Ng Eng Teng's iconic Mother And Child bronze sculpture now part of National Collection

Dr Ng Eng Teng's iconic bronze statue, known as Mother And Child (1996), has been on display at Tampines Central Park since 2010, and will be installed in front of the National Gallery's facade by 2019.
Dr Ng Eng Teng's iconic bronze statue, known as Mother And Child (1996), has been on display at Tampines Central Park since 2010, and will be installed in front of the National Gallery's facade by 2019.PHOTO: NATIONAL GALLERY SINGAPORE

SINGAPORE - Dr Ng Eng Teng's iconic bronze statue of a mother lifting her child is now part of Singapore's National Collection of visual art.

The late pioneer artist's 3m-high sculpture, known as Mother And Child (1996), was donated to the state by his family last October (2017).

It has been on display at Tampines Central Park since 2010, and will be installed in front of the National Gallery's facade by next year (2019).

Ng, who received the Cultural Medallion in 1981, is best known for his large sculptures and whimsical interpretations of humanist themes. He died in 2001 at the age of 67.

Mother And Child is the second work in Ng's Mother And Child series of the same name. The other Mother And Child sculpture, created in 1980, can be found in front of the Orchard Parade Hotel in Tanglin Road.

In becoming part of the National Collection, the 1996 sculpture will join works by other pioneer artists such as Liu Kang and Georgette Chen - both of whom mentored Ng in painting.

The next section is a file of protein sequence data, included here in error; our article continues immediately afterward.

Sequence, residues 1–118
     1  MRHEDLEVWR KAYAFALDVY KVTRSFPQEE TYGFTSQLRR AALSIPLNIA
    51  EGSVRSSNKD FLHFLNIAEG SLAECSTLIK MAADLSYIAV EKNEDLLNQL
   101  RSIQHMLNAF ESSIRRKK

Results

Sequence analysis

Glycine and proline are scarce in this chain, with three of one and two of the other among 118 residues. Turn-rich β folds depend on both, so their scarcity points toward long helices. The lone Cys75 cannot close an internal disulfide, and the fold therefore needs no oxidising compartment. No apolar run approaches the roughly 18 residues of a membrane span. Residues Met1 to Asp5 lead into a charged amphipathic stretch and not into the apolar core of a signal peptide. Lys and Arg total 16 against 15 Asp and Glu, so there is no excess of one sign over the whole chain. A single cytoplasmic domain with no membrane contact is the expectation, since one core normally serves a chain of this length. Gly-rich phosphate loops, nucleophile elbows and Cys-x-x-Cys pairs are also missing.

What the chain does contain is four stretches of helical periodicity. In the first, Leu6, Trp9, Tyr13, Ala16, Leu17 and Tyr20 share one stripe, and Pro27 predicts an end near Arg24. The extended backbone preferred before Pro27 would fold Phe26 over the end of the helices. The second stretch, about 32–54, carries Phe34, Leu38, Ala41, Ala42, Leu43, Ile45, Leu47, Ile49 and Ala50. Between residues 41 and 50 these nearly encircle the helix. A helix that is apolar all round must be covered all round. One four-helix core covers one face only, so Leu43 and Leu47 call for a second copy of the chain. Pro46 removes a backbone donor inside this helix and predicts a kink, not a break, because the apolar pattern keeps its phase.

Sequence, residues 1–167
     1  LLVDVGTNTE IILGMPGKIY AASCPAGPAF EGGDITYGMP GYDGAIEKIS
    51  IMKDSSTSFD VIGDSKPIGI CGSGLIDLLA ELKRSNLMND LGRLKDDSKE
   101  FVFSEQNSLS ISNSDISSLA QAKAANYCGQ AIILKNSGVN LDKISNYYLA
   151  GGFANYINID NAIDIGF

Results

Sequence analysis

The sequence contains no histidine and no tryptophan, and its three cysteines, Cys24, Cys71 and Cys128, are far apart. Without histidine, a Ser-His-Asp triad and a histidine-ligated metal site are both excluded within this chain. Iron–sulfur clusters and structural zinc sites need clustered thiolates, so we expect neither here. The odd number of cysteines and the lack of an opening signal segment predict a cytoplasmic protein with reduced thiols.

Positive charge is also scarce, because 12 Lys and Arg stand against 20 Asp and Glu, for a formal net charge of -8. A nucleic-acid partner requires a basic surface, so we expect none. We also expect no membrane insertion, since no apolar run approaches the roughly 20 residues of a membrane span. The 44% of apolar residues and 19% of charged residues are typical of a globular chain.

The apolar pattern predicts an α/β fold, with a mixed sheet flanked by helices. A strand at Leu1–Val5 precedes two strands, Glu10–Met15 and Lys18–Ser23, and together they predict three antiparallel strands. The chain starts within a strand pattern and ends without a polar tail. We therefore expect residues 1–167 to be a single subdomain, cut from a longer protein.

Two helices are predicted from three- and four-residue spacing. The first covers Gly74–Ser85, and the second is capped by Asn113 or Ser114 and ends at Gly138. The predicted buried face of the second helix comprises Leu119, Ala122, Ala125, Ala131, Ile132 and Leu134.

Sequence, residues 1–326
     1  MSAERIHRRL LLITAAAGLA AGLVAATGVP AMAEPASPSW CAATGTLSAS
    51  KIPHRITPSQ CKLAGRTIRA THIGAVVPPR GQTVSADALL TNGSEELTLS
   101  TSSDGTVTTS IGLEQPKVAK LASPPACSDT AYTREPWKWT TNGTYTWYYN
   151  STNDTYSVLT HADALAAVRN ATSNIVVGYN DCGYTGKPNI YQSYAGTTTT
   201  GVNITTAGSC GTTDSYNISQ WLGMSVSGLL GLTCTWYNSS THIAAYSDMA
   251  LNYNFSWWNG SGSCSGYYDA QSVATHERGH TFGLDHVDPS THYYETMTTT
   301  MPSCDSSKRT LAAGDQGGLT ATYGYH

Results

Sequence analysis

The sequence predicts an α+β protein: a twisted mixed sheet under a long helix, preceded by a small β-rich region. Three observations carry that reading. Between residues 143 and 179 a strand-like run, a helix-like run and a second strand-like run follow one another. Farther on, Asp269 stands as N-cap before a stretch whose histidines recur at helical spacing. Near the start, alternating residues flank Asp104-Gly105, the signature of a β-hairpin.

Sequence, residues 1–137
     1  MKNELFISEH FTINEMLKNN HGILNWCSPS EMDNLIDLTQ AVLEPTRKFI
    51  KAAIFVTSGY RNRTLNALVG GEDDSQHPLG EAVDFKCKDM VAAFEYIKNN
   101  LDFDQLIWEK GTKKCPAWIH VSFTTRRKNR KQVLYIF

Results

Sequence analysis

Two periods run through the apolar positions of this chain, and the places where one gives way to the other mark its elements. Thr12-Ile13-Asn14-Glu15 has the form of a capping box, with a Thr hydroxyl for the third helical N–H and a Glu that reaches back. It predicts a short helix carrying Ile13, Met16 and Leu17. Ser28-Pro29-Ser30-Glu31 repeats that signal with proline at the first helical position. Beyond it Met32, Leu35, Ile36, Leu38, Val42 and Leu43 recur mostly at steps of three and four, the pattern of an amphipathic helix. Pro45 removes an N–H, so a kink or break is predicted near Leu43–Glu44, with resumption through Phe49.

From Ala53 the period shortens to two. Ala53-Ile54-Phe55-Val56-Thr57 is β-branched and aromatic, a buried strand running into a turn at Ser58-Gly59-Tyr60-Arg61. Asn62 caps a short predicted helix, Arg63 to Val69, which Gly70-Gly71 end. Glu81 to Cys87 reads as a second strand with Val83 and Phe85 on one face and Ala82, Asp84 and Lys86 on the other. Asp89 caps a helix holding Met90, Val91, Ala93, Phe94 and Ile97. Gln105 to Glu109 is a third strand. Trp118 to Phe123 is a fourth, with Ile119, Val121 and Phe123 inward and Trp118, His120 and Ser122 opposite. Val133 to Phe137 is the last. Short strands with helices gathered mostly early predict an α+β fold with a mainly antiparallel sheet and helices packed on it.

Dr Eugene Tan, the National Gallery's director, described Ng as "one of our pioneer artists, a mentor, and more importantly an inspiration to young artists today to push the boundaries of art boldly while keeping closely connected to the audience".

"We are very grateful to his family for this generous donation of Mother And Child, which will allow generations after to learn and appreciate his contributions to Singapore's art scene."

Dr Tan added that private support "has always been integral" to building the Gallery's collection of Singapore and South-east Asian art.

Ms Jacqueline Ng, the artist's sister, said: "The family is pleased that Eng Teng's Mother And Child has found a long-term and prominent place in Singapore's national visual art institution in the Civic District.

"It is wonderful that locals, as well as many tourists, will get to enjoy the sculpture which holds a special place in our hearts. This would be in keeping with Eng Teng's wish for his large, durable, bronze sculptures to be sited outdoors for general public viewing."


Correction note: This story has been edited for clarity.